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Publication numberUS5791257 A
Publication typeGrant
Application numberUS 08/780,639
Publication dateAug 11, 1998
Filing dateJan 8, 1997
Priority dateJan 8, 1997
Fee statusLapsed
Also published asCA2203742A1, CA2203742C
Publication number08780639, 780639, US 5791257 A, US 5791257A, US-A-5791257, US5791257 A, US5791257A
InventorsJeffrey A. Konop
Original AssigneeHarnischfeger Corporation
Export CitationBiBTeX, EndNote, RefMan
External Links: USPTO, USPTO Assignment, Espacenet
Overhead crane with adjustable bearings
US 5791257 A
Abstract
An overhead crane adapted to be supported on a pair of spaced apart, generally parallel first and second rails, the crane having a frame having opposite first and second ends, a first wheel rotatably mounted on the first end of the frame, the first wheel being adapted to roll along the first rail, a second wheel rotatably mounted on the second end of the frame, the second wheel being adapted to roll along the second rail, a first bearing assembly supporting the first wheel, a second bearing assembly supporting the second wheel, each of the first and second bearing assemblies including a bearing supporting the associated wheel for rotation relative to the frame about a rotation axis, the rotation axis having a position relative to the frame, and a mechanism connecting the bearing to the frame and allowing the bearing to be fixed in various positions relative to the frame, a hoist supported by the frame, and a load engaging mechanism which is raised and lowered by the hoist.
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Claims(25)
I claim:
1. An overhead crane adapted to be supported on a pair of spaced apart, generally parallel first and second rails, the crane comprising
a frame having opposite first and second ends, the first end of the frame including a first cylindrical frame surface defining a first cylindrical opening, and the second end of the frame including a second cylindrical frame surface defining a second cylindrical opening,
a first wheel rotatably mounted on the first end of the frame, the first wheel being adapted to roll along the first rail,
a second wheel rotatably mounted on the second end of the frame, the second wheel being adapted to roll along the second rail,
a first bearing assembly supporting the first wheel,
a second bearing assembly supporting the second wheel,
the first bearing assembly including a first bearing supporting the first wheel for rotation relative to the frame about a first rotation axis, the first rotation axis having a position relative to the frame, and first mounting means for mounting the first bearing on the frame so that the position of the first rotation axis is adjustable relative to the frame in an infinite number of positions between two extreme positions, the first mounting means including a first sleeve housed in the first cylindrical opening in the frame, the first sleeve having therein an eccentric opening housing the first bearing, such that rotation of the first sleeve relative to the frame moves the first rotation axis relative to the frame,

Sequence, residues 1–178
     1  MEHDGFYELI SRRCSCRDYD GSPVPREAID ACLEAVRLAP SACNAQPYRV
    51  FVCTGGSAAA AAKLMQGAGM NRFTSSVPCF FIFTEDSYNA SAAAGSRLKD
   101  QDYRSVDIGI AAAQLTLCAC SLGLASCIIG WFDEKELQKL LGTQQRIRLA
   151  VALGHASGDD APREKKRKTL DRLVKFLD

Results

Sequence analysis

the second bearing assembly including a second bearing supporting the second wheel for rotation relative to the frame about a second rotation axis, the second rotation axis having a Position relative to the frame, and second mounting means for mounting the second bearing on the frame so that the position of the second rotation axis is adjustable relative to the frame in an infinite number of positions between two extreme positions, the second mounting means including a second sleeve housed in the second cylindrical opening in the frame, the second sleeve having therein an eccentric opening housing the second bearing, such that rotation of the second sleeve relative to the frame moves the second rotation axis relative to the frame,
a hoist supported by the frame, and
a load engaging mechanism which is raised and lowered by the hoist.
2. A crane as set forth in claim 1 wherein the bearing has therein a plurality of holes each having extending therethrough a respective fastener for fixedly securing the bearing to the frame.
3. A crane as set forth in claim 1 and further comprising at least one set screw for releasably securing the sleeve relative to the bearing.
4. A crane as set forth in claim 1 wherein the sleeve has therein at least one aperture for engagement with a tool for rotating the sleeve relative to the frame.
5. A crane as set forth in claim 1 and further comprising motor means mounted on the frame and drivingly connected to the first and second wheels.
6. A crane as set forth in claim 5 wherein the motor means includes a first motor mounted on the frame and drivingly connected to the first wheel, and a second motor mounted on the frame and drivingly connected to the second wheel.
7. A crane as set forth in claim 1 wherein the hoist is moveable along the frame in a direction generally perpendicular to the rails.
8. A crane as set forth in claim 1 wherein the bearing has therein a plurality of holes each having extending therethrough a respective fastener for fixedly securing the bearing to the frame, each of the holes being large enough to accommodate movement of the respective fastener relative to the bearing in response to adjustment of the position of the rotation axis.
9. An overhead crane adapted to be supported on a pair of spaced apart, generally parallel first and second rails, the crane comprising
a frame having opposite first and second ends, the first end of the frame including a cylindrical frame surface defining a cylindrical opening,
a first wheel rotatably mounted on the first end of the frame, the first wheel being adapted to roll along the first rail,
a second wheel rotatably mounted on the second end of the frame, the second wheel being adapted to roll along the second rail,
a first bearing assembly supporting the first wheel,
a second bearing assembly supporting the second wheel,